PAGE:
LaTonya, I also have the blood sugar peaks and valleys, technically labeled reactive hypoglycemia. If I didn't regulate it, I wouldn't have any friends at all. (Think: borderline psychotic.) I regulate it because I love my family and I hate the aftermath. My prescription is this: protein in the morning (it helps regulate blood sugar), 15-20 minutes of dancing aerobics every morning (yes, I know it's not enough to be beautiful, but it is enough to keep my energy flowing), and frequent pauses ---really pausing--- to pray and reconnect, because that's what keeps me most stable. That's what reminds me what it's all about.
Joyous holidays, now through Christmas and into next year, to you and all of the Kyria women.
Jennie D

Like poster Jennie D above, I too deal with reactive hypoglycemia. I make sure I take care of my body because I just DON'T want to feel so bad. If that means eating on schedule, saying no to junk food, going to gym and making myself head to bed at a decent hour, then so be it. I know I'm not very pleasant to live with if I don't, but more than that, I even have trouble just dealing with MYSELF and coping. Nothing like a health crisis to make you reconsider how you treat your body. Thanks for the thought provoking article.

Blueberries. A good granola comes from Sweet home farm

I gave up on oats in granola when I found out I was sensitive to them... try mixing pepitas, apricots, favorite nuts (remember, they are high carb!, altho' brazil nuts are better),with cranberries and other stuff for a great dish...

I work full-time and I go to college full-time so finding time to exercise can be a challenge. I make the most of whatever I am doing to get my evercise in. I am always on the go, walking to and from the laundry room in my apt. complex with loads of laundry, climbing up & down three flights of stairs to my apartment several times a day, sometimes carrying arms full of groceries. At work I get a fifteen break before & after my lunch break and I use that time to walk around the parking lot or do crunches in the breakroom on a towel I keep in my desk drawer. The important thing is to make suer that I always keep HEALTHY snacks easily accessible to me. I keep fiber bars in my purse, pretzels in my car, and I only stock fruits and yoghurt in the communal fridge at work. In my desk I keep tuna-in-water packets, plain microwave popcorn, Sun-Maid packages of dried fruit (for when I want something sweeter than fresh fruit), and trail mix (for the salty cravings). I drink water plenty of water to stay hydrated throughout the day. I find that having healthy food conveniently at my fingertips whenever I get hungry or feel "snacky", I can resist the temptation to eat junk food or less healthy food.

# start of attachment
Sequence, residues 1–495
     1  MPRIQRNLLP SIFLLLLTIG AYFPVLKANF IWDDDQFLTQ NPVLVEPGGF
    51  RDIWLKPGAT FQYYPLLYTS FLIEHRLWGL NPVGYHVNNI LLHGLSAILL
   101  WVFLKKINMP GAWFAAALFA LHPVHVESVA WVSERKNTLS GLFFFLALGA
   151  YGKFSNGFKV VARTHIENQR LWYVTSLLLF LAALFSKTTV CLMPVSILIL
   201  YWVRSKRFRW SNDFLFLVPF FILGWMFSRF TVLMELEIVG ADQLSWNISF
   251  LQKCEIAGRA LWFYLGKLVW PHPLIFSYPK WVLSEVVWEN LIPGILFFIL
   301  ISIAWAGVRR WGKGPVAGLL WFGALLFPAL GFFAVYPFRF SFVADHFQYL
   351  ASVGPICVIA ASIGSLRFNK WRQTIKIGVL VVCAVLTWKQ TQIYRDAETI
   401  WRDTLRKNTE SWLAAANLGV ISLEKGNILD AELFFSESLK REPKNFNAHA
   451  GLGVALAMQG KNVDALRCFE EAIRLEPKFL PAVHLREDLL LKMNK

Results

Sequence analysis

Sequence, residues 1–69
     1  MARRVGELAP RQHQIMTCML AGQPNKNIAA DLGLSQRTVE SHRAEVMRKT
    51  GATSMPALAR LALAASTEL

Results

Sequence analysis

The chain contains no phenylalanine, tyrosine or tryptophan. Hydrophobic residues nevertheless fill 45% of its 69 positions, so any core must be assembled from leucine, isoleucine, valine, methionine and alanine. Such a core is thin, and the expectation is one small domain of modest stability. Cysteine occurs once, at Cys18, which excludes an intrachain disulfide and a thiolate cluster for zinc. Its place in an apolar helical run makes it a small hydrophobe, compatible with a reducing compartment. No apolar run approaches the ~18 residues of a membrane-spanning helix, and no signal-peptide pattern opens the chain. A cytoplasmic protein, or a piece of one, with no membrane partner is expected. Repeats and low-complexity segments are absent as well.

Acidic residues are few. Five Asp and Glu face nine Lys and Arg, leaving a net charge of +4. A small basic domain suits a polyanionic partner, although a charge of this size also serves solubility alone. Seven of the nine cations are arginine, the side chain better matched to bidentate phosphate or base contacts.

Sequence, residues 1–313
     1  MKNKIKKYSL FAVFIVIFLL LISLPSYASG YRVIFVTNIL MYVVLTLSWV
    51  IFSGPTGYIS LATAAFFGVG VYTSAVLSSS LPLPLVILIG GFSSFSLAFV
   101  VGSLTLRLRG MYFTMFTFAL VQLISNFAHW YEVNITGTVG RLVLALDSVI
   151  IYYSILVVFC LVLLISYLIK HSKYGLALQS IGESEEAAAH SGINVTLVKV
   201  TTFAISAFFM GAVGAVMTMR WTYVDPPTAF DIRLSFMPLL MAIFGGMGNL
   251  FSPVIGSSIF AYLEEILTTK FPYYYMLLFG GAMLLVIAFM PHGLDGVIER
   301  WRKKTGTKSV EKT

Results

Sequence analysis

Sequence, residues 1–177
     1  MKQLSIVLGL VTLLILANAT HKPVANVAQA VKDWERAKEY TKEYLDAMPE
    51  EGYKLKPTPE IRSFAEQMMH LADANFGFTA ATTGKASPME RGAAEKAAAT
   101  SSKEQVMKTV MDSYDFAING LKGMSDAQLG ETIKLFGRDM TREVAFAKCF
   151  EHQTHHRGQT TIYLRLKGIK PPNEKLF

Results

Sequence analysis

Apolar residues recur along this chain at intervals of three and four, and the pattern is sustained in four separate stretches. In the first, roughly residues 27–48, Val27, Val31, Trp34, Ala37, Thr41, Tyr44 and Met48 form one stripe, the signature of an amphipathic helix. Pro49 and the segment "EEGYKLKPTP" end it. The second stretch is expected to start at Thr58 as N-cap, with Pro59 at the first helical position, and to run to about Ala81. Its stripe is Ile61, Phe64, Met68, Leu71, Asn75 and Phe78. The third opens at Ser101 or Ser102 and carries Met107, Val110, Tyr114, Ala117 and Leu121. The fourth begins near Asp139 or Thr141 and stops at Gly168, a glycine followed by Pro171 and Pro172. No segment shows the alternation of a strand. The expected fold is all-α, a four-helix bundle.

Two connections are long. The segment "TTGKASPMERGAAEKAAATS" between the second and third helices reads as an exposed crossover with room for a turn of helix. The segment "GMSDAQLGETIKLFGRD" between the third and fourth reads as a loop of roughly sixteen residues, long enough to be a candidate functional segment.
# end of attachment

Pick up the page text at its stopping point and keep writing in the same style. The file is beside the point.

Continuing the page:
I am 72 years old. I eat oatmeal with bananas, English walnuts, brown sugar and raisins every morning. No junk food. I eat half an apple before I go to bed. My husband of 50 years eats the other half. I am still employed full-time and love being busy. We lived in Africa 41 years - in Kenya the last ten. We love Africa. I worked with orphans and pastors' children for 14 years. The last eight years I taught in a seminary in Kenya. Exercise is important to good health. I walk 30 minutes a day and get eight hours sleep at night. This is my first time on your site.

Julia, your post was such an inspiration to me to eat healthier and take better care of my body. I don'really know you but I already know that I want to "grow" up to be like you! Can you share with us what other things you eat throughout the day? Also, how many days a week do you walk?